A former U.S. Navy Reserve lawyer, who was handcuffed, shackled and arrested by U.S. Marshals to secure his testimony in a military commission case, filed a complaint Monday with the U.S. Department of Defense and the U.S. Marshal’s Service.
Stephen Gill of Marshfield, Massachusetts, is one of several civilian lawyers who recently have been caught in an ethical conflict battle stemming from the prosecution of Abd al-Rahim Al-Nashiri, the alleged mastermind of the October 2000 attack on the USS Cole.
Three other civilian lawyers, representing Al-Nashiri, who were excused from his defense because of ethical conflicts, and a law professor who provided them with an ethical opinion, resisted orders by Military Commission Judge Vance Spath to appear before him. The law professor, Ellen Yaroshefsky of Hofstra University School of Law, represented by the law firm Jones Day, unsuccessfully sought to quash the subpoena in federal court and went forward with her testimony on Nov. 17.
Gill’s situation predates their conflicts with Spath and differs in kind. In 2015, Gill was mobilized from the Reserves to serve as “legal advisor pro tempore” for the Al-Nashiri case, according to the complaints filed by his counsel, Washington attorney Mark Zaid. From March through April of that year, Gill reported multiple times to his superiors that certain federal employees were violating the terms of a disqualification order issued by Judge Spath.
In May 2015, Gill was released from active duty and returned to Massachusetts to resume his civilian law practice. Defense counsel for Al-Nashiri sought him as a witness in an evidentiary hearing and Gill voluntarily traveled to Alexandria, Virginia, to testify in a video teleconference in September 2016. He was informed he would testify again at some point from Oct. 17-21, 2016.
The second order to appear was when Gill’s problems began. In preparation for that appearance, according to his administrative complaint, he asked for a subpoena to be served at his office. He received the subpoena on Oct. 16, directing him to appear in Virginia the next day. On the 16th, he sent an application for relief from the subpoena under military commission rules to the chief prosecutor via certified mail/return receipt requested and e-mail. The prosecution, on or before Oct. 17, filed a request to arrest Gill for failing to respond to the subpoena. Judge Spath issued a “warrant of attachment” to the U.S. Marshals Service to enforce the subpoena.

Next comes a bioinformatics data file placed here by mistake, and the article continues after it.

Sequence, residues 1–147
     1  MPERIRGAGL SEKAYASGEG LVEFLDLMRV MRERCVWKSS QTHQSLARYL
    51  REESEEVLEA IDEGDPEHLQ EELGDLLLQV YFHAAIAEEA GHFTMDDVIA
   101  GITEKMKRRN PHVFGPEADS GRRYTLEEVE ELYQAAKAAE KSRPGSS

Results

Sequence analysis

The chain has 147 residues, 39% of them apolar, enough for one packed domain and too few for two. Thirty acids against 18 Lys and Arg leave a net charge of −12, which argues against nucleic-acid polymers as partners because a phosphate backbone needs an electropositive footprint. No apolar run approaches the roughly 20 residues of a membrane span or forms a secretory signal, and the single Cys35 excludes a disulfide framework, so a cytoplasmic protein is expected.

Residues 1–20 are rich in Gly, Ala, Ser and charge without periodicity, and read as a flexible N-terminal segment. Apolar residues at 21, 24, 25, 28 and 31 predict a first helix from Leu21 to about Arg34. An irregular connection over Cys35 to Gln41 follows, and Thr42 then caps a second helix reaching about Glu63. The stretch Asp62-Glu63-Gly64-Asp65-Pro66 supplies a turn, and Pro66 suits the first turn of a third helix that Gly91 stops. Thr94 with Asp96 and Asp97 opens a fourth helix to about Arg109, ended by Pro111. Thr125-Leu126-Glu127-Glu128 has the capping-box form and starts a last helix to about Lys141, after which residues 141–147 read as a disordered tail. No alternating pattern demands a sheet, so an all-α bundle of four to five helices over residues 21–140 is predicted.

Gill’s complaint said 15 U.S. Marshals and five uniformed local police officers “stormed” Gill’s home. When he opened his door, he said he saw marshals with blast shields pointing handguns at him and behind them, more marshals pointing rifles at him. He said he was ordered to put his hands up and get on his knees. Gill was put in waist and ankle shackles and handcuffs while three to four Marshals searched every room of his home.
The complaint says Gill was denied his wallet, mobile phone and medication. He was taken to a holding cell in the U.S. district court in Boston and later flown to Virginia, where he was held overnight in a cell in the Alexandria detention center. The next day, he gave his testimony despite telling the judge he was “not well” and under “extreme duress.” The judge also did not inform Gill until after his testimony that the federal public defender for the district had sent Gill a letter informing him of his right to counsel based on military detention of a U.S. citizen during peacetime.
Gill’s complaint charges that the military commission had no authority to issue a warrant of attachment to compel the appearance of a U.S. citizen. It also accused the U.S. marshals of trespass, false arrest and false imprisonment. The complaint alleged both the Defense Department and the Marshals Service abused law enforcement power.
A spokesperson said the Defense Department was not aware yet of the complaint and generally does not comment on litigation.
Gill’s complaint also claimed that the actions against him resulted in the U.S. Navy Reserve’s decision to no longer recommend him for retention in the Reserve, and they caused reputational damage to his private law practice.
“It’s astounding that something like this would happen,” said Zaid. “If you show up at the door of a lawyer with a warrant, what do you think he’s going to do? He’s going to say, ‘Hey, can you give me a few minutes to get my clothes, my bag and wallet.’ Instead, they point automatic weapons at him. Shackle him. Unbelievable.”
The Federal Tort Claims Act requires claimants to file an administrative claim within two years of the incident or injury. The agency then has six months to investigate the claim.
Zaid said there is “absolutely” a need to resolve the legal question of whether a military commission judge has the authority to order the appearance or detention of a civilian. “We’re not even getting into substantive debates about how effective the military commission is,” he said. “Instead, we’re focusing on ethical conflicts and imprisoning lawyers.”
Gill’s complaint is posted below: